Marine Corps "Mud Ops" Help Save The Hawaiian Stilt - Hawaii News Now - KGMB and KHNL

Marine Corps "Mud Ops" Help Save The Hawaiian Stilt

Gunnery Sgt. John Duncan Gunnery Sgt. John Duncan
The Hawaiian stilt nests at Nu'upia ponds on Marine Corps Base Hawaii The Hawaiian stilt nests at Nu'upia ponds on Marine Corps Base Hawaii

By Mary Simms

KANEOHE BAY (KHNL ) - Amphibious assault crewmen at Marine Corp Base Hawaii assault the wetlands of Nu'upia Ponds. The Marines, and their assault vehicles, help an endangered Hawaiian bird make a comeback.

The marines call it mud "ops." Their mission? To make mud.

Combat training and conservation are sometimes at odds with one another, but during "mud ops" they go hand in hand.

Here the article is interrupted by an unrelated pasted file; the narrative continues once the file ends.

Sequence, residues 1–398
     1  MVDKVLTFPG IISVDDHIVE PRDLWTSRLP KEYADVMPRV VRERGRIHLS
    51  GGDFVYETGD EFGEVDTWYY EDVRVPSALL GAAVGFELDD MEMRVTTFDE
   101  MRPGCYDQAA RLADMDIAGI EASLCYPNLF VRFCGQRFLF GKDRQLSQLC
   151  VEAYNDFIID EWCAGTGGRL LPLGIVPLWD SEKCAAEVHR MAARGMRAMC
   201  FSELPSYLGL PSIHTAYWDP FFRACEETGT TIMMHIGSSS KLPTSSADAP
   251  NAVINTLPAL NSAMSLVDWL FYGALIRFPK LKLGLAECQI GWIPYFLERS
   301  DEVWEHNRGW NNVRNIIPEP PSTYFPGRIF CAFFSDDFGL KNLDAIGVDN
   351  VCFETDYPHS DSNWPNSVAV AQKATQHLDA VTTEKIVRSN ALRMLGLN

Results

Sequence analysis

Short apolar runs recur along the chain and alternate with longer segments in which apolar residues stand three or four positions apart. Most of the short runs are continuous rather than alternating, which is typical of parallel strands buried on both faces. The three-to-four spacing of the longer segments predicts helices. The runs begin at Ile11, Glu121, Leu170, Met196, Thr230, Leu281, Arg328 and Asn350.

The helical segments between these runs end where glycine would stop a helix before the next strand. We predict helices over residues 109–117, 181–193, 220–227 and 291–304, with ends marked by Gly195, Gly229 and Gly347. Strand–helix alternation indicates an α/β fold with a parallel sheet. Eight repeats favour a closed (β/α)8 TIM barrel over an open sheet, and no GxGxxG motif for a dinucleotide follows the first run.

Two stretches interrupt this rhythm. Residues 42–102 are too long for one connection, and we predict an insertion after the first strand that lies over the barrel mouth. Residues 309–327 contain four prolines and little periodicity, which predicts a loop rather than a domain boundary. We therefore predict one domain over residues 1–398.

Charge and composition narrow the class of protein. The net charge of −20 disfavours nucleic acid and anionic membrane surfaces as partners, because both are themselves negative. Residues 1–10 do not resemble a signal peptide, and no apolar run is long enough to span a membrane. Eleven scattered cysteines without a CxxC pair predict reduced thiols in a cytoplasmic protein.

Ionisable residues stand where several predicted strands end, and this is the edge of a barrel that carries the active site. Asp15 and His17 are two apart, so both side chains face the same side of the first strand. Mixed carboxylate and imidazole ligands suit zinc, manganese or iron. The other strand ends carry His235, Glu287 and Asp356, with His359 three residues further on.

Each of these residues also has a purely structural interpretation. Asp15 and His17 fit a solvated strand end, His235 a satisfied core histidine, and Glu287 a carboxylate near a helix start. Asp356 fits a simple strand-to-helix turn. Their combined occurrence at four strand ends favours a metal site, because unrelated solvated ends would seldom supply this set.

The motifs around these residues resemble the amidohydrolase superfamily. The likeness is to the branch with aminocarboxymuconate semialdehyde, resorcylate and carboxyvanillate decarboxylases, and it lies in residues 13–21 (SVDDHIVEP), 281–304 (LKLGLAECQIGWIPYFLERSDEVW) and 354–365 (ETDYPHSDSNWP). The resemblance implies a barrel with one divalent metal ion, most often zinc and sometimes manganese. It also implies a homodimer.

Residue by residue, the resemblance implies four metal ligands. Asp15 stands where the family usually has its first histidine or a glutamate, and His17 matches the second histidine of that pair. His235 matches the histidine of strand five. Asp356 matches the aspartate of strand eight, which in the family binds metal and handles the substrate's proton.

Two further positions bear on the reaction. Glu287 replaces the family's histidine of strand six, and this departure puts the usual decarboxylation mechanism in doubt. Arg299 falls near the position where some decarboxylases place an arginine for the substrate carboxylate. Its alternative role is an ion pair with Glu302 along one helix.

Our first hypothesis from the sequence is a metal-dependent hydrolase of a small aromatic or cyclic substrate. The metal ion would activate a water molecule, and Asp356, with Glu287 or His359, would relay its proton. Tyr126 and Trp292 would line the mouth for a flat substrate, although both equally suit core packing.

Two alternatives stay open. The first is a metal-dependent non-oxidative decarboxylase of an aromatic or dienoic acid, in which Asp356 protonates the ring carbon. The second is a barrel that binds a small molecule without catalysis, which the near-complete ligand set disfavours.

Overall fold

"We create humps of mud and the birds will nest right on that mud mound surrounded by water, like little castles, said Dr. Diane Drigot, a natural resources manager at Marine Corps Base Hawaii.

During mud ops, marines use the tracks on their amphibious assault vehicles to purposely destroy the invasive pickle weed.

"The grass-like pickle weed that grows all over the mud flats literally crowds the birds out of house and home, said Dr. Drigot. And if we don't go in there every year like a farmer plowing his fields, the vegetation will overtake the habitat and no birds can be served at all.

Marines are only allowed to bring these vehicles into the Nu'upia Ponds area once a year. Ironically, environmentalists are usually opposed to using vehicles like this operating in fragile areas.

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